The plethora of mobile devices now used in the U.S. healthcare system has the potential to transform the industry. But so far they've had a much bigger effect on the work habits of physicians than on the care they provide to patients.
That could change as new reimbursement models emerge. "If you can imagine a world in which physicians and hospitals are paid based on the outcomes of patients, some of these technologies may be very integral to them getting paid and enabling them to do the right thing for the patient," says Dr. Mohit Kaushal, chief strategy officer and executive VP of business development for the West Wireless Health Institute, a nonprofit medical research organization.
John Moore, founder and CEO of Chilmark Research, agrees. "A lot of healthcare institutions are starting to look at these applications and how they might be deployed within the context of getting patients to better self-manage their care," he says. "As providers take on more of the risk in these new reimbursement models, they're going to give these tools to their patients and say, 'We want you to use this to help you take better care of yourself and track your care over time.'"
Many consumers, of course, already are using standalone mobile health applications to stay well, and those with chronic conditions such as diabetes and hypertension are using specialized apps to manage their care. But the potential for the latter group of apps will be limited until providers are ready to receive, process, and act on the data generated in them.
While definitions of mobile healthcare usually focus on smartphones, tablets, and other mobile devices, home monitoring of patients is part of the same trend. Then there are provider-specific apps, including physician reference and rounding apps such as UpToDate and PatientKeeper, mobile electronic health records, wireless medical devices in hospitals, and mobile administrative apps that replicate the billing and appointment-making functions of a hospital's patient portal. The heightened ability for physicians to do clinical work on their mobile devices, and communicate directly with patients' smartphones, is laying the groundwork for much bigger changes.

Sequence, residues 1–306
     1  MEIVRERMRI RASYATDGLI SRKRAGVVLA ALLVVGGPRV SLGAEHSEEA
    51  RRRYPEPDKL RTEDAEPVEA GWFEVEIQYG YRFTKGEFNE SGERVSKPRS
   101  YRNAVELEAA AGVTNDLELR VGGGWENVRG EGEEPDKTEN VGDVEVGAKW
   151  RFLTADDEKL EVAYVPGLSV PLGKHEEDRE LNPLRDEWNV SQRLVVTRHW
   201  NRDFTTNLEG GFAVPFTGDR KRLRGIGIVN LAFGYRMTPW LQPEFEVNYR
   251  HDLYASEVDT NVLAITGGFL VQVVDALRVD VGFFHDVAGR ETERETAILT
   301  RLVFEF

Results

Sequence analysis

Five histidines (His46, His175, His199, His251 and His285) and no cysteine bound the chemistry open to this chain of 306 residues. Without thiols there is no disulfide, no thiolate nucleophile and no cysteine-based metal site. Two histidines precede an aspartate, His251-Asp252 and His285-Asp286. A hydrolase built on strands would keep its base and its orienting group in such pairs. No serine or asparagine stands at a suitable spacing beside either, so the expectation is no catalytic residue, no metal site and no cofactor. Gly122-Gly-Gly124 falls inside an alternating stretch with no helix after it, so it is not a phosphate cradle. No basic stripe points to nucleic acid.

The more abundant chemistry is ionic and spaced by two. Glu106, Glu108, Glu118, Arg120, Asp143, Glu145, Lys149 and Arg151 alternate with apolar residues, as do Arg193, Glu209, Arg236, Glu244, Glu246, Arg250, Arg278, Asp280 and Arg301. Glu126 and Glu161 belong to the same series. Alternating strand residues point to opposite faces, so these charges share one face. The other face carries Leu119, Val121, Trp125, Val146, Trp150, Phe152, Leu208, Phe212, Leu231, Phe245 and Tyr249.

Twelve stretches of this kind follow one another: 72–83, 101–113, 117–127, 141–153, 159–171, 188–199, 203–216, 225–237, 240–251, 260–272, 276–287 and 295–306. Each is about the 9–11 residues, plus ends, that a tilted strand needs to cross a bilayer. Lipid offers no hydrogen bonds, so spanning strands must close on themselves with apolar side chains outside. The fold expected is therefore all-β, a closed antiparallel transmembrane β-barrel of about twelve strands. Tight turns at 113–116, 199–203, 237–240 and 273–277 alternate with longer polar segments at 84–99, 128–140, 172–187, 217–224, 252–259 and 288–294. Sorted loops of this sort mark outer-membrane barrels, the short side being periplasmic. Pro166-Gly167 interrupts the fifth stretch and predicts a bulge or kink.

Between 20,000 and 30,000 mobile health apps are available to consumers today. The vast majority of them are aimed at people who want to track their fitness or diet or look up healthcare information. For example, there are apps that record how far you walk or run, how many calories you burn, and how many hours you sleep. You can use other apps to weigh yourself or check your blood pressure. A whole new category of social gaming apps lets users compete with family and friends to lose weight or increase exercise. Users can also share health information with one another and create online communities.
Among the best known examples of mobile health apps for people with chronic diseases is WellDoc's DiabetesManager, which lets users enter blood glucose readings and other data into their smartphones.
They receive feedback, either on their mobile phones or on a website, from a "virtual" expert who coaches them on managing their condition and provides tips on diet, exercise, and other lifestyle factors. A trial of DiabetesManager showed a decline in HbA1c readings--a measure of long-term blood glucose control--of 1.9% among the WellDoc users, compared with 0.7% in the usual care group.
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The UC Infrastructure TrapWorries about subpar networks tanking unified communications programs could be valid: Thirty-one percent of respondents have rolled capabilities out to less than 10% of users vs. 21% delivering UC to 76% or more. Is low uptake a result of strained infrastructures delivering poor performance?
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